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Asked by former Clintonite George Stephanopoulos on Sunday’s This Week to name one economist who supports the suspension, she responded, “I’m not going to put my lot in with economists.”
IT HAS BECOME popular in conservative circles these days to suggest that “you just gotta admire her tenacity,” a sentiment that is advanced at her campaign rallies.
Introducing Clinton, North Carolina Gov. Mike Easley said she was “strong as train smoke.” Bill Clinton, speaking outside the campaign’s Raleigh headquarters in an 11 p.m. appearance (his ninth of the day), fed into this narrative, boasting, “You know, they declared her dead more times than a cat’s got lives.”
But what is there to admire about this so-called “tenacity”? Clinton began this campaign with a financial edge, the support of a popular former Democratic president, a built-in political apparatus, a consistent lead of more than 20 points in national polls, and more than a hundred superdelegates.
If a candidate starts off with all of those advantages and is too stubborn to drop out of the race, it’s no surprise that she is still hanging on.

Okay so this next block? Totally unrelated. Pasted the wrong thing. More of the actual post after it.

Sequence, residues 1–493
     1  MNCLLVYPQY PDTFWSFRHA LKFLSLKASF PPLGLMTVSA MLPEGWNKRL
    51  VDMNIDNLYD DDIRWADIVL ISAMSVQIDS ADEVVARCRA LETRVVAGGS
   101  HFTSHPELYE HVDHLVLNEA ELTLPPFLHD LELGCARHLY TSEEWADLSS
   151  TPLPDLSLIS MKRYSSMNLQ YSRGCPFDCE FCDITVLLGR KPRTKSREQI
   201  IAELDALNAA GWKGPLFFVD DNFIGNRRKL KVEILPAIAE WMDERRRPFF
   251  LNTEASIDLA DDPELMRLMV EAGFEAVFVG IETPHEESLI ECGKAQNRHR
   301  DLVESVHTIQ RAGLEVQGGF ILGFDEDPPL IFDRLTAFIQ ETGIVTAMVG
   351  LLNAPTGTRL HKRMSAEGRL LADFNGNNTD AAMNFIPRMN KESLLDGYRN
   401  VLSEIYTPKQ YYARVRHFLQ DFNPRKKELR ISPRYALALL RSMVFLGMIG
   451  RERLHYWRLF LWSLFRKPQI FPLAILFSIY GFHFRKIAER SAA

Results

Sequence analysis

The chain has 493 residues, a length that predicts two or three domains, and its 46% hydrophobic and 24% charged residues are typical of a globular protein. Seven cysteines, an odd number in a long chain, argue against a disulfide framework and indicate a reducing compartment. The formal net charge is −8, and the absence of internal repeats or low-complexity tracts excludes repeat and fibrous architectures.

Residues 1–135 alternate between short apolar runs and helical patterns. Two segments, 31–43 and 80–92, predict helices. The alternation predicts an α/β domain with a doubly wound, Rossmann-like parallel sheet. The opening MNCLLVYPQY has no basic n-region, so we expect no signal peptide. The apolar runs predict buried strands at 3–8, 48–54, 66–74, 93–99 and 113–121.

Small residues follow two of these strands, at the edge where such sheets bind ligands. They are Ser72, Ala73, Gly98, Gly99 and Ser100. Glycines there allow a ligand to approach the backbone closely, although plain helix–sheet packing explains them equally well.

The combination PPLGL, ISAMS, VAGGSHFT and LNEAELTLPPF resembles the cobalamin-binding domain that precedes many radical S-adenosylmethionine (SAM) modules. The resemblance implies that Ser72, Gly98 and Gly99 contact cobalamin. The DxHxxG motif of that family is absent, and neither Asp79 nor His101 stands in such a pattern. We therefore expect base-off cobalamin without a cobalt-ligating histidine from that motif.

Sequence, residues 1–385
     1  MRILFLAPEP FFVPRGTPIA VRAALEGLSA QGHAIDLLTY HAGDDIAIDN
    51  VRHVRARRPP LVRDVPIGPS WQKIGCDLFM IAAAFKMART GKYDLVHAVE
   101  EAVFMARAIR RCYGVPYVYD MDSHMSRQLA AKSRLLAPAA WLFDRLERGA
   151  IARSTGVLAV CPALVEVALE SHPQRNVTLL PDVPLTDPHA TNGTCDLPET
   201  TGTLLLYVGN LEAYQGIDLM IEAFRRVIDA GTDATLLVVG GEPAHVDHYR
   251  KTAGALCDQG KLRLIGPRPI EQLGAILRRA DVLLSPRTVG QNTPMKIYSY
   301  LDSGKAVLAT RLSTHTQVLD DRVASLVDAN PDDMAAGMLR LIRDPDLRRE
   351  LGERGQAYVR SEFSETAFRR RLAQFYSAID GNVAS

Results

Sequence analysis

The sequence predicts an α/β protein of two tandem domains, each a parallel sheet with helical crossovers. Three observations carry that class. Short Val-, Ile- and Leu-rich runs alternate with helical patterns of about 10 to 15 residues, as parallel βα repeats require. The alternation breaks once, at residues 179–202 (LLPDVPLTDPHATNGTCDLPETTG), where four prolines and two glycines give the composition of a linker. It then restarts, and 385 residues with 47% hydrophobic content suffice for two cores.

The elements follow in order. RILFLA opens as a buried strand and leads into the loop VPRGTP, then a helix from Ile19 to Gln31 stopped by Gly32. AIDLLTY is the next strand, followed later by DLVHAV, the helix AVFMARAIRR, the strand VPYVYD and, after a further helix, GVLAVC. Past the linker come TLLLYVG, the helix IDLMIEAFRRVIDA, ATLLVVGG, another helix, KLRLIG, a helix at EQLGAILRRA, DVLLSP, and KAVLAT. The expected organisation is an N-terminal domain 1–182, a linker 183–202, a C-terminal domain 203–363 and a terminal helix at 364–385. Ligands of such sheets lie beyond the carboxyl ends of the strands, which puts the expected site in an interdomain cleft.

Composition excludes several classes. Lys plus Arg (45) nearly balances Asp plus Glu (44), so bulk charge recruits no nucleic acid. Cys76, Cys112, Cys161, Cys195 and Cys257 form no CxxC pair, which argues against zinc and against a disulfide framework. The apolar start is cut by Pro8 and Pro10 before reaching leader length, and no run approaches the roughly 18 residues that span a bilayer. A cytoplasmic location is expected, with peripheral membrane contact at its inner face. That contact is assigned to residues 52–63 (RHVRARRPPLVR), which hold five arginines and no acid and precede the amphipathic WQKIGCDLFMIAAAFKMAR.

There is absolutely nothing admirable about a politician so narcissistic and hungry for power that she is willing to say or do whatever suits her political interests at any given moment.
If the Republican Party has declined to the point where conservatives are so worried about defeating a freshman Senator that they are rooting for Clinton to do their dirty work for them, it is simply pathetic.
Whatever Obama’s faults, conservatives should ask themselves whether they can bear the possibility of the nation being held hostage by the psychological drama of the Clinton family for another four or even eight years.
Philip Klein is a reporter for the American Spectator.
A man of faith in a godless age is hitting Americans where it hurts.
Mr. and Mrs. American Spectator Reader, let P.J. O’Rourke talk sense to your kids.
In Britain, defending your property can get you life.
The debacle of this president’s administration is both a cause and a symptom of the decline of American values. Unless Congress impeaches him, that decline will go on unchecked. An eminent jurist surveys the damage and assesses the chances for the recovery of our culture.
It won’t take long for conservatives to scratch this presidential wannabe off their 2008 scorecard.
The American Christmas, like the songs that celebrate it, makes room for everybody under the rainbow. Is that why so many people seem to be hostile to it?
Was the President done in by the economy, or by the politics of the economy?
H/T to National Review Online